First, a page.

- Track the delivery times for patients or decentralized locations that are filled by the carousel. That is important when filling patient orders, because knowing whether something made a cart fill or not would give the system the ability to know whether a first dose needs to be sent up to the patient to fulfill an order or whether it can be served by the cart exchange. Knowing when the delivery occurs lets you know whether an order change is caught by the pre-delivery check and is part of the delivery. It also gives the system the ability to get billing records correct for a patient.
- Support for dose calculations to fill requests when a specific dose is not present. For example, one Tylenol 500 MG table may be ordered, but may be filled by picking two 250 MG tablets.
- Support for medication kits. Orders for medication kits are for multiple items stored in the carousel. For example, a kit might consist of medication A, medication B, and the IV tubing necessary to deliver the medication. The system can associate one medication order to all three of these line items and dispense them and bill for them all as one item.
- Different checking options exist to support different state regulations. Supported options include checking all orders, checking no orders, checking manually picked orders, and random checking of patients.
- The carousel will implement two methods of restocking items that are low on inventory. One will be a static method, where the hospital configures a maximum and par level for each item in the carousel. Once the inventory falls below the par level, the item will be requested as a restock. The second method is to configure a maximum level, but to dynamically calculate the hospital's daily usage of an item based on historical data. This allows a moving average as item usage changes (changes in formulary or purchasing patterns, seasonal variations, etc.).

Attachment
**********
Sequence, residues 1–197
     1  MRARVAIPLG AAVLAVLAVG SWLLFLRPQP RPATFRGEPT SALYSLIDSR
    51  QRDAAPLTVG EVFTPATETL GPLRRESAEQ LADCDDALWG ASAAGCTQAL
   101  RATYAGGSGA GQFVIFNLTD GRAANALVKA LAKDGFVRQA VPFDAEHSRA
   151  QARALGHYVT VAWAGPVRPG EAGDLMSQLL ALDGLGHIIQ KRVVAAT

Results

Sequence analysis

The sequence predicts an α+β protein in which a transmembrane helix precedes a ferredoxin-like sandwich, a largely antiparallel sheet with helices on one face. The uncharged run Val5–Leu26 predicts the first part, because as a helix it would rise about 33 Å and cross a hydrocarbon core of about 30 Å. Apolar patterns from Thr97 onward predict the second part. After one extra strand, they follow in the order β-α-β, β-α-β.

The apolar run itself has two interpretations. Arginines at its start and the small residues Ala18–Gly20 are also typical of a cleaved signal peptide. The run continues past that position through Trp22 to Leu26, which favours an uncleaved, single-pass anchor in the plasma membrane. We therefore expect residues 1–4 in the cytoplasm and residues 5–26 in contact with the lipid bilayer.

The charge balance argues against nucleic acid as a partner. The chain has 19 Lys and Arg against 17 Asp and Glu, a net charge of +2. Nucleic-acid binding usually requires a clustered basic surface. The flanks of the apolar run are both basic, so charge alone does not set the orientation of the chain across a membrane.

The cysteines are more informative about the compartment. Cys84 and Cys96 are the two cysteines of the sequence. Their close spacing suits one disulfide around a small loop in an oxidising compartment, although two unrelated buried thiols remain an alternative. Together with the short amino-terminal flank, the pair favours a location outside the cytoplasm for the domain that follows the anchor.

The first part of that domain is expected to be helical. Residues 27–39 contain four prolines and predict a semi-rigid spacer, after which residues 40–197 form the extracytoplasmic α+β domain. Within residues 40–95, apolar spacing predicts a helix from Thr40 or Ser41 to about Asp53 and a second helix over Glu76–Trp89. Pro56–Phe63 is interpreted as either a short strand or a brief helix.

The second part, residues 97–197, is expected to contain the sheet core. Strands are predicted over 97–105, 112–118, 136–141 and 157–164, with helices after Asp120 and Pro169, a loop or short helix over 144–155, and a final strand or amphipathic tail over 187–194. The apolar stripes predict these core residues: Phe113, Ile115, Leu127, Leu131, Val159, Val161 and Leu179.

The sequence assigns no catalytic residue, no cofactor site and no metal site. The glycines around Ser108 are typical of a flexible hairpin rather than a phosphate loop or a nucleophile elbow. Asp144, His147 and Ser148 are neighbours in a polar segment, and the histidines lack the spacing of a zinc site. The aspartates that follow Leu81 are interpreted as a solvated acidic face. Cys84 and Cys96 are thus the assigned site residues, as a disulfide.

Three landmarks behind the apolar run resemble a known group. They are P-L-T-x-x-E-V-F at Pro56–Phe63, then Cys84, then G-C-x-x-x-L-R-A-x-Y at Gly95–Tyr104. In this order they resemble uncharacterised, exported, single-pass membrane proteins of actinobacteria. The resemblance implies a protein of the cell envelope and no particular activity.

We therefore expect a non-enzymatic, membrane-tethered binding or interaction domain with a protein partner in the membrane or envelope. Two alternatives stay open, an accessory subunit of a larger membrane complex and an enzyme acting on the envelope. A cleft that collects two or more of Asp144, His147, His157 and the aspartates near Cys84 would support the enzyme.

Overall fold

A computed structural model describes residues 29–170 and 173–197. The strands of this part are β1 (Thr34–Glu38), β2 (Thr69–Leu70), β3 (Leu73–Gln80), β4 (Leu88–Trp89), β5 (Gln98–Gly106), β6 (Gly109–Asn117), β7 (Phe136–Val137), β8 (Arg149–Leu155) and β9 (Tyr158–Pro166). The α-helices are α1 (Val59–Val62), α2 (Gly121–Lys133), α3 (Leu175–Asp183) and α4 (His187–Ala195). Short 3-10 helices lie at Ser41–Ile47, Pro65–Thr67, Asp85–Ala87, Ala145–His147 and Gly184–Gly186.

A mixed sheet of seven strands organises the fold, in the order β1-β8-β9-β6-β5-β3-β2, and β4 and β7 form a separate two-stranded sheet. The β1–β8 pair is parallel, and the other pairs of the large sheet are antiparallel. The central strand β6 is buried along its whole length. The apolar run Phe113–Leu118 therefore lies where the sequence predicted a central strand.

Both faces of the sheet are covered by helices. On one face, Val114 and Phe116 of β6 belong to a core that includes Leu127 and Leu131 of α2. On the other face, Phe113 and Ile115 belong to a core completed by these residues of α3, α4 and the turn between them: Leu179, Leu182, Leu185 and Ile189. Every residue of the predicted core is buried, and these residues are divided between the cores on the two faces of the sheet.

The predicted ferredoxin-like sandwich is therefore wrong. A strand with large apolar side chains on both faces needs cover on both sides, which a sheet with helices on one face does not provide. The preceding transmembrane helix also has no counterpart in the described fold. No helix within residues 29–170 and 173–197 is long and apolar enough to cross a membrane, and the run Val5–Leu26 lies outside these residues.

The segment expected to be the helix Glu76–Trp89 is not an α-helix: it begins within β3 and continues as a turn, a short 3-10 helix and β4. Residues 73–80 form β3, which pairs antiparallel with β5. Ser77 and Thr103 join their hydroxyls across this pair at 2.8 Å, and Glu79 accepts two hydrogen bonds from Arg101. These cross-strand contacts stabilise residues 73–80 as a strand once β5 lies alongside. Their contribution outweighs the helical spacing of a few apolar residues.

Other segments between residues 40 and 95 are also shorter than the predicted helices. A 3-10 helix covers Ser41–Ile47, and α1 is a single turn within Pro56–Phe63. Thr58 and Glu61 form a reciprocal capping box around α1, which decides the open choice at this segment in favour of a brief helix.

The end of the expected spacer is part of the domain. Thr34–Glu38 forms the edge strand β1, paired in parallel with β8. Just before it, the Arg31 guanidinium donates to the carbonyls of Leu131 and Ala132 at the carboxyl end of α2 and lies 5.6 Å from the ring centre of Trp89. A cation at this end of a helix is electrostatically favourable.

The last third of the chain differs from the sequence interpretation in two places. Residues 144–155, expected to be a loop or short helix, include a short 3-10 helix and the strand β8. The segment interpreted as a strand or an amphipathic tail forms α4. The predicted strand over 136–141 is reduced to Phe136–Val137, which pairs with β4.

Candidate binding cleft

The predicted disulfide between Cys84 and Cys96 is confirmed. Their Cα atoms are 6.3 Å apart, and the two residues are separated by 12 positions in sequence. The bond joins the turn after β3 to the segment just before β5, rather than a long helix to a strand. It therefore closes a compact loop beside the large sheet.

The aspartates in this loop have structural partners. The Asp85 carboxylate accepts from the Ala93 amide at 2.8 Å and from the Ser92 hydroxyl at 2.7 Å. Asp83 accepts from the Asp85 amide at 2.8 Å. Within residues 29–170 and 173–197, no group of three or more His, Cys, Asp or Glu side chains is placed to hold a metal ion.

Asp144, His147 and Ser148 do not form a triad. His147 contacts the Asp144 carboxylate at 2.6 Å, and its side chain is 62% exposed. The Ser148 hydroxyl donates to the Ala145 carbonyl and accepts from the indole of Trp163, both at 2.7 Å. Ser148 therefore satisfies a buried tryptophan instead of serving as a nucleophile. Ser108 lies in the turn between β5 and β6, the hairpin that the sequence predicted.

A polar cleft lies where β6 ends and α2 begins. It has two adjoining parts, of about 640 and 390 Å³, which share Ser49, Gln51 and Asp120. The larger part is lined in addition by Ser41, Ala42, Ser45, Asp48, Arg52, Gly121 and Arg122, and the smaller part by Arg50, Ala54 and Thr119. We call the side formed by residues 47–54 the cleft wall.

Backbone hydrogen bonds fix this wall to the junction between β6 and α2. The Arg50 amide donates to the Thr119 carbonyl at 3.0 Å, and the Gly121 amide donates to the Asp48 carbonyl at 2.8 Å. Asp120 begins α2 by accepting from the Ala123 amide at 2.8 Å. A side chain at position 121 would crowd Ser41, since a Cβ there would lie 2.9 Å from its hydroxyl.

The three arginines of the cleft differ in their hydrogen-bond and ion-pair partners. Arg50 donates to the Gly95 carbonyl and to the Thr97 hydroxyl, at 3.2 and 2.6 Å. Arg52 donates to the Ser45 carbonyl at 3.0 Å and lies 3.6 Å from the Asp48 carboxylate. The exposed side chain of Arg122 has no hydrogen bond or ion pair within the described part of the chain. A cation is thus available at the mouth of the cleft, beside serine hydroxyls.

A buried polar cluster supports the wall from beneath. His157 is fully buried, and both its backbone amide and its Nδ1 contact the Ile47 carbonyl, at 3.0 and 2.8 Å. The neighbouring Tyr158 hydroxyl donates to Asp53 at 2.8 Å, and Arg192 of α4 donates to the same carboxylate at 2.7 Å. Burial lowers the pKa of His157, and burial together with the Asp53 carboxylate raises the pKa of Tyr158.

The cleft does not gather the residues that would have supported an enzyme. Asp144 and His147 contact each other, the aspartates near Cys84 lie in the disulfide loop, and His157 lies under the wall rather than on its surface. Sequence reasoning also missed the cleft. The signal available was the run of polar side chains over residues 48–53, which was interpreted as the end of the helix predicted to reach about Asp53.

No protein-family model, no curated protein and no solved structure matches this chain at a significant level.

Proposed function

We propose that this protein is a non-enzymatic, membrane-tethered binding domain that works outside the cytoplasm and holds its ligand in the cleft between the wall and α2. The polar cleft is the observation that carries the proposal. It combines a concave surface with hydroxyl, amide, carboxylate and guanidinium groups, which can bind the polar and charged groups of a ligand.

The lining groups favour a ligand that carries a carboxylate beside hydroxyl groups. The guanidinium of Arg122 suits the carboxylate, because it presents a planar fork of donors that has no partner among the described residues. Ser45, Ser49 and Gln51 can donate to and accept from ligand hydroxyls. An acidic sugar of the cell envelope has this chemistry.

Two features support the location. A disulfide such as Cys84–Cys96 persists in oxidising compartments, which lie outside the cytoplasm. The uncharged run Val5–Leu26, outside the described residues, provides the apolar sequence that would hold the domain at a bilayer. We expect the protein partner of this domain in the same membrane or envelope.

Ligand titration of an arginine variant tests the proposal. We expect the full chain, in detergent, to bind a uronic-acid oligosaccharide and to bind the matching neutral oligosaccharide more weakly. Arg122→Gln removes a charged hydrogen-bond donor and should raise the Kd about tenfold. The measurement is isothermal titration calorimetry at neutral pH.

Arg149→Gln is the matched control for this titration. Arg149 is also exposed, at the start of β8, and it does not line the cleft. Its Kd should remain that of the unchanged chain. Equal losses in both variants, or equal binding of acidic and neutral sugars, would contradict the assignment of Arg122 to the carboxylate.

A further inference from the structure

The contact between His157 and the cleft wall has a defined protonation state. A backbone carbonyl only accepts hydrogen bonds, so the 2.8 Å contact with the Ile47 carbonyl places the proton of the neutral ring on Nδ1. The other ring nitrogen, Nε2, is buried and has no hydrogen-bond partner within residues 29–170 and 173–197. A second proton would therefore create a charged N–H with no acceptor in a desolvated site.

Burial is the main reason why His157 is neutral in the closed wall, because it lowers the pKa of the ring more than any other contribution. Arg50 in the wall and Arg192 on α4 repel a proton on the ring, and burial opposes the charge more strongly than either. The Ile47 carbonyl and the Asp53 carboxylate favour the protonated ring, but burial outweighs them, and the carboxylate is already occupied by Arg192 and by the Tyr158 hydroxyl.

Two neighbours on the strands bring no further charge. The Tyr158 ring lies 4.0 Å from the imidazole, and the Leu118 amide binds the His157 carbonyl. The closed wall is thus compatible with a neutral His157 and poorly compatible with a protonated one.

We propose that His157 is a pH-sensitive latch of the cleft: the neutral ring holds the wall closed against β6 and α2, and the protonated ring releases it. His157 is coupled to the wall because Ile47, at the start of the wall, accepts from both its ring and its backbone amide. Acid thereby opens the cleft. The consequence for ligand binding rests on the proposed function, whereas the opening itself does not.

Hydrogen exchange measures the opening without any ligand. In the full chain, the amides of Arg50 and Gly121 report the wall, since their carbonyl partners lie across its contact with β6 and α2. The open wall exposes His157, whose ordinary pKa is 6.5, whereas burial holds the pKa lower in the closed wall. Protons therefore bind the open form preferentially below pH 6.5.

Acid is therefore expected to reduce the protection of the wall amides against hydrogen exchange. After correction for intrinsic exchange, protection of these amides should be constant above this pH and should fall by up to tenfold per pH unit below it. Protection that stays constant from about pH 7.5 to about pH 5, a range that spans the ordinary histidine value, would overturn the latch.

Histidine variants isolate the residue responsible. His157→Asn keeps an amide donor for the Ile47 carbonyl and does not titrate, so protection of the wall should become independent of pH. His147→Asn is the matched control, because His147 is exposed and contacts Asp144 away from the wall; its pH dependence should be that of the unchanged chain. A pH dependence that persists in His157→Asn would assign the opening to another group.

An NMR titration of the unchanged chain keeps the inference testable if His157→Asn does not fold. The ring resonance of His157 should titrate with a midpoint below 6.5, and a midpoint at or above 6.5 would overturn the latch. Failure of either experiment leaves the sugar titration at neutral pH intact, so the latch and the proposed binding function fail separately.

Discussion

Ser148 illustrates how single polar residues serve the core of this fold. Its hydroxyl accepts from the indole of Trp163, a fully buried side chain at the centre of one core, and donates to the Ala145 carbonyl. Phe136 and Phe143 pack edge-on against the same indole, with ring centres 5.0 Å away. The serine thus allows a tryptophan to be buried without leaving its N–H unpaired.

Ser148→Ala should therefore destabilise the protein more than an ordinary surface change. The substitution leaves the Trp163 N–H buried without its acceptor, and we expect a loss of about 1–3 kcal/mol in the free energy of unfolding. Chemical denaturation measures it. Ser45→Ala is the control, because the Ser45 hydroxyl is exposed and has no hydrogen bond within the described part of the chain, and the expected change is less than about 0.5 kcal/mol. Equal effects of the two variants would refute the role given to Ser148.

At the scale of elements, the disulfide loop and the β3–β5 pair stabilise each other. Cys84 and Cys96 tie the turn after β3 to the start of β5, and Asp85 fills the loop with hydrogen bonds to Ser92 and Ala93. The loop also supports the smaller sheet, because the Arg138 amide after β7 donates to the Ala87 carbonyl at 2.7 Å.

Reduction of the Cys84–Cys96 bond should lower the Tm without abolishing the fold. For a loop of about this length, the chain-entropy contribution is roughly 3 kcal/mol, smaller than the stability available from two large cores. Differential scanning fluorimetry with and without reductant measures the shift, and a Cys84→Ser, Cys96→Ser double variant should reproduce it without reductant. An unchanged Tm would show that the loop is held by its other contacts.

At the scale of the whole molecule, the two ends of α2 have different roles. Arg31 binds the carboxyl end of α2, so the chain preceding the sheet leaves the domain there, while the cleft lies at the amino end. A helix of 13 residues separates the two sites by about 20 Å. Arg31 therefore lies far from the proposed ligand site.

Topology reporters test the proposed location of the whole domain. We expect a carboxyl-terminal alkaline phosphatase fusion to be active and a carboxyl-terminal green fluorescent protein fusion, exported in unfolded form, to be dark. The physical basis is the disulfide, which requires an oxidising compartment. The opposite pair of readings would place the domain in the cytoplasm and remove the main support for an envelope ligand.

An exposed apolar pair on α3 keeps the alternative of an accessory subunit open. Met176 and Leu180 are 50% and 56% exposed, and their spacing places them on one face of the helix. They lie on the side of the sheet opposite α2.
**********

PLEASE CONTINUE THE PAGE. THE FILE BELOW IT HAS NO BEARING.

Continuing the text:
- The events and transactions generated from the carousel and other automated systems will be moved to a separate long-term storage system. This system will record the dispense, inventory count, restock, and configuration (assignment and de-assignment) actions taken against the carousel, including, but not limited to, the following information: date and time, station, user, medication, and quantity. This data archiving system will allow users to periodically record these transactions to a recordable CD (CD-R). Because the carousel can store controlled substances, the recording of activity against these medications is required by law. Additionally, this storage system can provide long-term data analysis such as medication usage, processing efficiencies, and user actions.
- Dispensing logic between pharmacy automation devices and unit-based cabinets. This logic helps prevent medications that could be dispensed from more than one system (pharmacy automation systems such as the ROBOT-Rx device or carousel, and unit based cabinets such as AcuDose-Rx cabinet) from being dispensed to a patient from multiple systems. A potential medication error is to, for example, allow a user to dispense a medication from a cabinet, and then have the same medication for the same order be delivered to the patient room from a cart fill or first dose fill from the pharmacy. The systems will evaluate whether the medication can be filled by a unit-based cabinet and/or a pharmacy automation product and decide, based on configurations, to which device to send the medication fill request. This functionality allows configuration on a unit or medication level, and allows configuration based on order types (PRN, scheduled, etc.) and DEA codes (controlled substances).
- Configurable fill priorities which automatically sends certain orders to a configured automation device based on priorities and status of the restocking devices. Fill priorities can include, but are not limited to, filling new medication orders, stat medication orders, decentralized inventories, etc.